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Controversy and The Canadian Screen Awards

The Oscars are over but don't return your tuxes yet, because next up is...The Canadian Screen Awards.

Hip, hip...huh.

Canada desperately wants its equivalent of the Oscars/Emmies even as -- particularly with films -- in most cases the audience hasn't even heard of the films nominated. But awards shows are part of how you publicize productions. That's why the Oscars often seem more concerned about the ratings than the actual awards.

This year TV and film are being combined into one ceremony: The Canadian Screen Awards on March 3. Yet what tends to be missing is controversy. I don't mean "wardrobe malfunctions" or debates about misogynist hosts. I mean Canadian entertainment reporters rarely seem to have any opinion.

For the Oscars, critics grumble about something being nominated for Best Picture...but not Best Director. Yet is there similar muttering about Still Mine, which is nominated for Best Picture, Screenplay, Actor, Actress...but not director?

David Morse received a Best Actor nomination for the movie Collaborator -- a movie otherwise not much in evidence in other categories. But is that because it just narrowly missed other nominations (it boasts a 75% approval rating at Rotten Tomatoes) or did Morse get nominated because the academy felt they needed more American actors on the bill?

It's easier to weigh in on the TV categories (since more people have seen the programs nominated). So I'll just randomly skim through a few...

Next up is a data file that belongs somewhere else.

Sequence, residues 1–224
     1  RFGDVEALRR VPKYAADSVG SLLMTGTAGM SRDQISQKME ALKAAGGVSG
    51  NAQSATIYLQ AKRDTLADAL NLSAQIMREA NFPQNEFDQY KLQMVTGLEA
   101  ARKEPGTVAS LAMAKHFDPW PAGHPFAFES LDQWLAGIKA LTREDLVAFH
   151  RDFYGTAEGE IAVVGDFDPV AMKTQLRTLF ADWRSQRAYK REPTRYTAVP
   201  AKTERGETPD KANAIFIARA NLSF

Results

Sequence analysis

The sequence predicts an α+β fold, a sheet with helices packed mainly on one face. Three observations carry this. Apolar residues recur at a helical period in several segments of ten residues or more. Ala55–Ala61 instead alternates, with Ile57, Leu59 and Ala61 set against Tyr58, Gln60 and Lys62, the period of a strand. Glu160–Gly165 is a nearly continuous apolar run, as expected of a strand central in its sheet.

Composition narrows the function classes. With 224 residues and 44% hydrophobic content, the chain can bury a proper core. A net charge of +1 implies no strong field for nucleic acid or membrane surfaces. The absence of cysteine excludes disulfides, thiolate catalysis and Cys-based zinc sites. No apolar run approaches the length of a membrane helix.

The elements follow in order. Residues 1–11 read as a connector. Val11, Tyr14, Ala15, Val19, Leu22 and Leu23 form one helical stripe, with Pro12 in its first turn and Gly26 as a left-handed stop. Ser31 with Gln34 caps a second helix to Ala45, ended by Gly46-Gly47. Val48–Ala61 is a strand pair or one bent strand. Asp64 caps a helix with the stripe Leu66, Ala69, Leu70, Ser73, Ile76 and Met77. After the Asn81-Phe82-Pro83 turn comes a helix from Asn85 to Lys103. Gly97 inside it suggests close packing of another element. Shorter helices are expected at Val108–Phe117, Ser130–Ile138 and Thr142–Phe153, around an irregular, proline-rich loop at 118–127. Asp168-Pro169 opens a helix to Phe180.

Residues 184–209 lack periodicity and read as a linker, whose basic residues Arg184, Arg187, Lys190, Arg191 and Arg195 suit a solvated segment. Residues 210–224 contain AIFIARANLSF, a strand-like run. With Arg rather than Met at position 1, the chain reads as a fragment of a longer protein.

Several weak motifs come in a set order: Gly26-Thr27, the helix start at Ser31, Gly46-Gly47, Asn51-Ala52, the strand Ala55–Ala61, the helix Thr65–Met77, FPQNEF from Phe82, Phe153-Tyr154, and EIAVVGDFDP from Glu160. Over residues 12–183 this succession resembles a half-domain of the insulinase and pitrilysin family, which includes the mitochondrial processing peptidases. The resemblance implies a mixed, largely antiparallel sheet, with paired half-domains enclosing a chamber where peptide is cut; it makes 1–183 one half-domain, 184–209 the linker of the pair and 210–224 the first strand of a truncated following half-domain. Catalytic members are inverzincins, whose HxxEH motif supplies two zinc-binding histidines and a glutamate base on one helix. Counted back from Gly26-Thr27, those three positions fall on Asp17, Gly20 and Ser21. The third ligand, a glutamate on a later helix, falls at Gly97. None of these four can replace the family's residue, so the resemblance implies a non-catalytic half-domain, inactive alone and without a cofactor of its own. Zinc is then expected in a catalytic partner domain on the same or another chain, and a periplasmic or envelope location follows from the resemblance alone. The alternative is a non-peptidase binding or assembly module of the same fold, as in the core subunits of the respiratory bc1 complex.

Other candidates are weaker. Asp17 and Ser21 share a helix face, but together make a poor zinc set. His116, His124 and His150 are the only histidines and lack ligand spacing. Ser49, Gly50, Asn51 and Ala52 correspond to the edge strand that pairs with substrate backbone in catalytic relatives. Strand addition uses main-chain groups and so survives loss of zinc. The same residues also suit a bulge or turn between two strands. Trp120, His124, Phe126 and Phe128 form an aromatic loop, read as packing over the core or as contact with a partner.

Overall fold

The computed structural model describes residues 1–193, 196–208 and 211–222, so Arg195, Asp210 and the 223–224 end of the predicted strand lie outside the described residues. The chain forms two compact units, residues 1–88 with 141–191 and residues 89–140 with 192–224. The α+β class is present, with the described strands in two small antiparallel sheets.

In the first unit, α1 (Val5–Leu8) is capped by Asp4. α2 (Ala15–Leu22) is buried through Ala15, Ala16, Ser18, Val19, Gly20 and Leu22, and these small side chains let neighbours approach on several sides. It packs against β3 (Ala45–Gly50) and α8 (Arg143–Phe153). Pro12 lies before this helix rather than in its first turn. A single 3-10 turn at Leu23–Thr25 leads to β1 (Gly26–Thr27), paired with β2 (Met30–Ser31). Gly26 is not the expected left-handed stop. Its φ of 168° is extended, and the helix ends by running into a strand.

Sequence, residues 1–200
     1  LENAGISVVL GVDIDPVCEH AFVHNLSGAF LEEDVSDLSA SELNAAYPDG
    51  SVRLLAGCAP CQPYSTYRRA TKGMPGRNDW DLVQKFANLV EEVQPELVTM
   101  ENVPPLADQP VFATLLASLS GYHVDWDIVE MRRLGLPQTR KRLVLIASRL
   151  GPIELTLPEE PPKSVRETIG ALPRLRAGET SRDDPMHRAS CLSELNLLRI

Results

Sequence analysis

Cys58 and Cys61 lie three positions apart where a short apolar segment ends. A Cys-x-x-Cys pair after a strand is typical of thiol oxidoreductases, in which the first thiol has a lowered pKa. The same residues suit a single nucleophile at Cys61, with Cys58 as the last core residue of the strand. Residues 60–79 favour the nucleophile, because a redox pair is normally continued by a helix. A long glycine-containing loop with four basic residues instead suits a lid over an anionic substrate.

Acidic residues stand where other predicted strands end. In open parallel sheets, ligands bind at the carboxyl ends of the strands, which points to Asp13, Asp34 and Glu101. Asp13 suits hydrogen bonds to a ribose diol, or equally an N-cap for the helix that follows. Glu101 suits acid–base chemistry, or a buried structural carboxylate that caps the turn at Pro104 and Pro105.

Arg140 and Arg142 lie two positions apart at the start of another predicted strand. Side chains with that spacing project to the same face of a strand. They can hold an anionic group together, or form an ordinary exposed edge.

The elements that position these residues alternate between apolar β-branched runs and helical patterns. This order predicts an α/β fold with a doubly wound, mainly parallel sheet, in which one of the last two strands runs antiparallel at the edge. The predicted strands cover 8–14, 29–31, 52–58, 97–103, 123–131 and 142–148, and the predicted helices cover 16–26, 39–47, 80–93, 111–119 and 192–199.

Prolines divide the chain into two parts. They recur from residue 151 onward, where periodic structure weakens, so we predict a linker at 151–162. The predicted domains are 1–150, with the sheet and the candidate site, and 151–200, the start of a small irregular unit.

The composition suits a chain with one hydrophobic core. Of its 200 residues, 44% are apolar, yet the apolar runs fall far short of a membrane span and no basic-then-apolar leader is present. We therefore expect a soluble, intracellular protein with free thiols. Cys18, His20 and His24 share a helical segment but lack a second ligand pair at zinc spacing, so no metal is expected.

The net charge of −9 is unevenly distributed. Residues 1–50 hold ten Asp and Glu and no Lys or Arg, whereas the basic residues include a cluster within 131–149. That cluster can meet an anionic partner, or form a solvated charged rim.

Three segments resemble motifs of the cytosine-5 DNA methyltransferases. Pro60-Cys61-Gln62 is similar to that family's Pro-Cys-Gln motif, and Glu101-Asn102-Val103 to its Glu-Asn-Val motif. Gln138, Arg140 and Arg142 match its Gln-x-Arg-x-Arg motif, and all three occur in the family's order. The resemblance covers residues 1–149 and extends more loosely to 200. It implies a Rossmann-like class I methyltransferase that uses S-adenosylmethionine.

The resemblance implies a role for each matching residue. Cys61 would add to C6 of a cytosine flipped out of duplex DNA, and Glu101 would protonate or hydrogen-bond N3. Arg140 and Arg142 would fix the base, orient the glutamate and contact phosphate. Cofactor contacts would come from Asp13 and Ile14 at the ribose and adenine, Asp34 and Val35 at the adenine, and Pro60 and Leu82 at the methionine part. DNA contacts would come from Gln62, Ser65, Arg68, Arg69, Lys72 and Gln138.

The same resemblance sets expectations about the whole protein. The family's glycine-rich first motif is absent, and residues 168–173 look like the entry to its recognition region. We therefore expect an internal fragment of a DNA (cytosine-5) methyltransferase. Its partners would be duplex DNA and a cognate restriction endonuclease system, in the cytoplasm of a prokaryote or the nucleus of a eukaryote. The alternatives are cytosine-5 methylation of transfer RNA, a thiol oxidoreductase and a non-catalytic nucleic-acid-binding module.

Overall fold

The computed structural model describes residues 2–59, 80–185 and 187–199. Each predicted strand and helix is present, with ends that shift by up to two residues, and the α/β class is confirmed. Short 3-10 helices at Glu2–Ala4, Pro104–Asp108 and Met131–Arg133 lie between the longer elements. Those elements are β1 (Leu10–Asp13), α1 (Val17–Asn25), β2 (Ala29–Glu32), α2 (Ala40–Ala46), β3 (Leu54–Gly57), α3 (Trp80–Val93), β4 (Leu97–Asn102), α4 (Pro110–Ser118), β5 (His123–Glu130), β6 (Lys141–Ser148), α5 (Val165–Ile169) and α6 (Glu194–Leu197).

The Best Drama Series category has Arctic Air, Bomb Girls, Continuum, Flashpoint, and King. It's an encouraging sign that they could've added a few other worthy efforts and still not be padding. The bland sci-fi drama Continuum leaves me underwhelmed, but I suspect its inclusion was so the academy could seem "hip". The award will probably go to either Bomb Girls or Flashpoint. Of the two I'd give the nod to Bomb Girls (as much as I like Flashpoint). But I'd love to see the cancelled King walk away with it. I just felt King was an exceptionally well done crime-drama and were it to win, it might suggest voters were actually voting for merit, not for hype.

There are only four nominees in the Best TV Movie/Mini-Series category, including a JK Rowling bio-pic -- yet the best isn't even nominated! I'm talking about the gripping political drama, John A.: Birth of a Country. I'd call it Canada's answer to Lincoln, except apparently people dozed during Lincoln, and I doubt anyone dozed during John A. My guess is the award will go to either Sunshine Sketches of a Little Town, or Wrath of Grapes -- though Cyberbully might be politic just because it's set in the States starring an American actress and many people in the industry make their living doing those sorts of films.

I question combing acting in sketch comedies and comic series into one category -- it's a completely different shtick. Bob Martin should win for his funny and nuanced performance in Michael: Tuesdays & Thursdays -- but he probably won't.